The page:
The Impact of Technology on Drugs and their consumption 

 

In the understanding of modern technology, we often think of things that promote the overall furtherance of humanity, however in the case of technology surrounding drugs, one may think that perhaps we are not. The derivation of such new technology often has onset that is rapid and outpaces standing laws and regulations, which variably, can be a driving force in the enframing of contemporary technologies of this type (Hiedegger, 20). One such example of this principle which has been more and more widespread in recent times is the concept of vaporization. Now, of course, naturally the first thing that many individuals associate with vaping is nicotine, but this is only one of the offsets of the entire technology and implementation itself. While this most definitely constitutes as a technological change that is affecting drug culture, the widespread legality that accompanies nicotine is not exactly in the scope of what I am seeking to analyze here. My focus for this project is narrowing in on the genesis and implementation of legal technologies, and their ultimate effect on illicit substances with clandestine modification. 

When we begin the investigation of mind altering substances and the advancement in their technology, the use of bio power as the technology stands out, as particularly useful in expanding the influence of certain cultural practices, and uses of substances. Bio power is being utilized through the cultural connections that substances can make with a group of people. This can be understood by analyzing the usage populations of any particular drug and the subcultures that accompanied them. With each youll, find a rich history of usage patterns, and marks that have been made in particular areas throughout the world. Each of these routes and hotspots are the result of the use of bio power, the use of human communication as a means of technological advancement. In this particular case, the technological element is varying across different cultures, but there is one idea that is common amongst them. 

That is the idea that the utilized technology of consumption follows along the same routes of travel and integration as the substance itself. When thinking about the ways in which these cultures are impacted by technology, one of the first questions that arises is around the notion of accessibility. In stating this, I would like to firstly qualify the statement in saying that accessibility depends on a variety of factors that are somewhat independent of technology, such as time, place, and legality. The notion of accessibility that I am referring to, is in that of the ease of consumption. The technology that relates to the consumption of mind altering substances, can appear to have an impact on the prevalence of usage. However, it is important to take into account that this occurs somewhat anecdotally, oftentimes yielding inaccurate and harmful perspectives in the eyes of the ruling parties. This ultimately leads to inaccurate ideas surrounding usage rates in the current zeitgeist as well as the demographics that are considered likely to use.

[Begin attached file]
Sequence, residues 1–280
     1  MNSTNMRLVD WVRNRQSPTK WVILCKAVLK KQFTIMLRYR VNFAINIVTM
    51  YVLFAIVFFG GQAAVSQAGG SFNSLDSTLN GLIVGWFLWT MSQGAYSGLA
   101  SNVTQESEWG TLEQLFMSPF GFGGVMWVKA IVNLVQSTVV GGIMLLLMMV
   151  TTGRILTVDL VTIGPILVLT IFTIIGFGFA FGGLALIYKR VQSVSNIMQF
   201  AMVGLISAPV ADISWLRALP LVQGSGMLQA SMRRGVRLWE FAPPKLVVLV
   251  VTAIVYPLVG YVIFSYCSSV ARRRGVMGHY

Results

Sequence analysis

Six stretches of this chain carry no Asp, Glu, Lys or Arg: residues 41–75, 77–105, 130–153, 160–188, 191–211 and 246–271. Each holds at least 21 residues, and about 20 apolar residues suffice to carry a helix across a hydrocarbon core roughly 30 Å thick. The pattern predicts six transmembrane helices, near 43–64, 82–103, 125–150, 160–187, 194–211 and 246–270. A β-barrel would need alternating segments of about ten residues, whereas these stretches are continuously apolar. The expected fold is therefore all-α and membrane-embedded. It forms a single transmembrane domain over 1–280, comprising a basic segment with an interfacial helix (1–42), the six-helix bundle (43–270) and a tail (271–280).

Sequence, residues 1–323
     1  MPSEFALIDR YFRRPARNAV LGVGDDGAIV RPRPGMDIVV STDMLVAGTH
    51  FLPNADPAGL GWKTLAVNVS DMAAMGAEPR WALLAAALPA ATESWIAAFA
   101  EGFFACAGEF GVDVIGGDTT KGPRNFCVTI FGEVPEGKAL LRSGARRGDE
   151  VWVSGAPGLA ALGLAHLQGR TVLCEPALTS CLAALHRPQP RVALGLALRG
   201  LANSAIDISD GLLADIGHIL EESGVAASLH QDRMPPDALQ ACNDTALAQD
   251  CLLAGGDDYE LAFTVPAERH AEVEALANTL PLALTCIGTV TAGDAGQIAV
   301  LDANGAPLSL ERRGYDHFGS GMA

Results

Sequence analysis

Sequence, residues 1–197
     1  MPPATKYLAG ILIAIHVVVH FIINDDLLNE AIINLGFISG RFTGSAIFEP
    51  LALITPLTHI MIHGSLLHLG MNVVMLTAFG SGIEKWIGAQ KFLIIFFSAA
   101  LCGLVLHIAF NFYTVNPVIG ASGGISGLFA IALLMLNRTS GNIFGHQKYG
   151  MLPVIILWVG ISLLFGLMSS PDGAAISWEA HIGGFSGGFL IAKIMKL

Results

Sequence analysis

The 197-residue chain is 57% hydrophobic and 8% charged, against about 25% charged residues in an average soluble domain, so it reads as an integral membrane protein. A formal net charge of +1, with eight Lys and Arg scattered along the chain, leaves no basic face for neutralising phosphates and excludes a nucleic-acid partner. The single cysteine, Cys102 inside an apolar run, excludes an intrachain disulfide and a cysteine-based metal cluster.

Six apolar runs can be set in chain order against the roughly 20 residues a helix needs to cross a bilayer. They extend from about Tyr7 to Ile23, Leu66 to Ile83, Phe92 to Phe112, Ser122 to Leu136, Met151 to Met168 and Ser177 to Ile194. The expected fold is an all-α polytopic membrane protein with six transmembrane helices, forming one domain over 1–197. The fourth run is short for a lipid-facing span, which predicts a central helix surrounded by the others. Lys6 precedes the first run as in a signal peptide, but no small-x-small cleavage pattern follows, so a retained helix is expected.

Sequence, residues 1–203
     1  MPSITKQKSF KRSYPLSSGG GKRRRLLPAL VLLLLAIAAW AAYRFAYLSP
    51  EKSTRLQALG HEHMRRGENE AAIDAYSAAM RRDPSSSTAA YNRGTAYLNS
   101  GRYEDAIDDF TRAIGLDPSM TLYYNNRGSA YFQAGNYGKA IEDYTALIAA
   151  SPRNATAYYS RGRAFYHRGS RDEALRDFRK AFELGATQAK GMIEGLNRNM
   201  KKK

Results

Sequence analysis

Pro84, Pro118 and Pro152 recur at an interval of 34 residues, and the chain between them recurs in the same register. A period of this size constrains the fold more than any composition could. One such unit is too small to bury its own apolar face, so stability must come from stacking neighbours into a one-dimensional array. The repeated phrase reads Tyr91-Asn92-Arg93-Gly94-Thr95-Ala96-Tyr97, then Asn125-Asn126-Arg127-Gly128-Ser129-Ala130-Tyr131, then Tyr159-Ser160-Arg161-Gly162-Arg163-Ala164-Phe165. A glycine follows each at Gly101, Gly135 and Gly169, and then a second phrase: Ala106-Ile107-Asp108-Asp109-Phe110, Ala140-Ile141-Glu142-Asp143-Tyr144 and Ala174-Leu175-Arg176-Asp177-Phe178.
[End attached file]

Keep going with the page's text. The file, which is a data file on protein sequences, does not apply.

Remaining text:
In discussing how these kinds of technologies impact humanity and the ways in which humanity ultimately thinks about drugs, I would like to unpack some examples of changes that have occurred in human history, which lead to the impacts that I was referring to. One of the first ones that comes to mind is one the first drugs to be widely consumed by humanity, Ethanol. The fermentation of barley and wheat in order to produce alcohol is a rather ancient practice and its spread throughout the world is shown through the development and curation of new technologies of production. The first main premise that was so alluring about alcohol during the time of its early synthesis was its resilient ability to remain consumable for much longer periods of time than water. This not only is a reference point for where humanity stood technologically at the time of alcohol’s expansion over culture, but also for the plethora of variation in technological production that ensued thereafter. An understanding of Alcohol from this perspective allows one to more deeply dissect the explosion of technology that can ensue after the popularization of a new type of substance not only in humanity’s creation of said technology, but also in the purpose or role that is being filled. 

When thinking about some of the impacts that are ultimately generated, the lens of the modern corporatized global economy seems to be a good first step in analysis. During this day and age, of course the monetary incentive never fails to supersede the rates of addiction that would likely suggest a need to halt or intervene production of a substance, however this point of contingency is one that seems to be widely overlooked. For instance, as these large corporations that are associated with pharmaceuticals have grown over the years, the subsequent technology that has developed along with them has brought greater and greater profit margins to these private entities through improvements in efficiency, production, distribution, etc. So, as a result of this there are many cases in the 20th and 21st century of sustained populations who are abusing pharmacologically manufactured drugs illegally, simultaneously to their continued legal production. Whether or not people are abusing these substances seems to be nearly irrelevant to these corporations in comparison to the amount of demand there is for a particular substance.

The application of this in the functioning of bio-power is nearly endless. The ways in which pharmaceutical drugs, especially, are promoted in America are a mass use of bio-power, in order to get people talking about the medications and the usefulness of their effect. Ironically enough however,  the use of bio-power seems to have an impact that is more than what is supposedly intended in these instances of mass marketing. As humans connect with one another in conversation or any other medium for that matter, there is a segment of the population that discusses the use of these substances for the recreational realm. At first, to many this may not seem problematic, those who choose to do drugs will, and those who don’t won’t. Yet, this fails to account for even more bio-power further down the line, as the word of a substance spreads, so does its culture, influence, and association.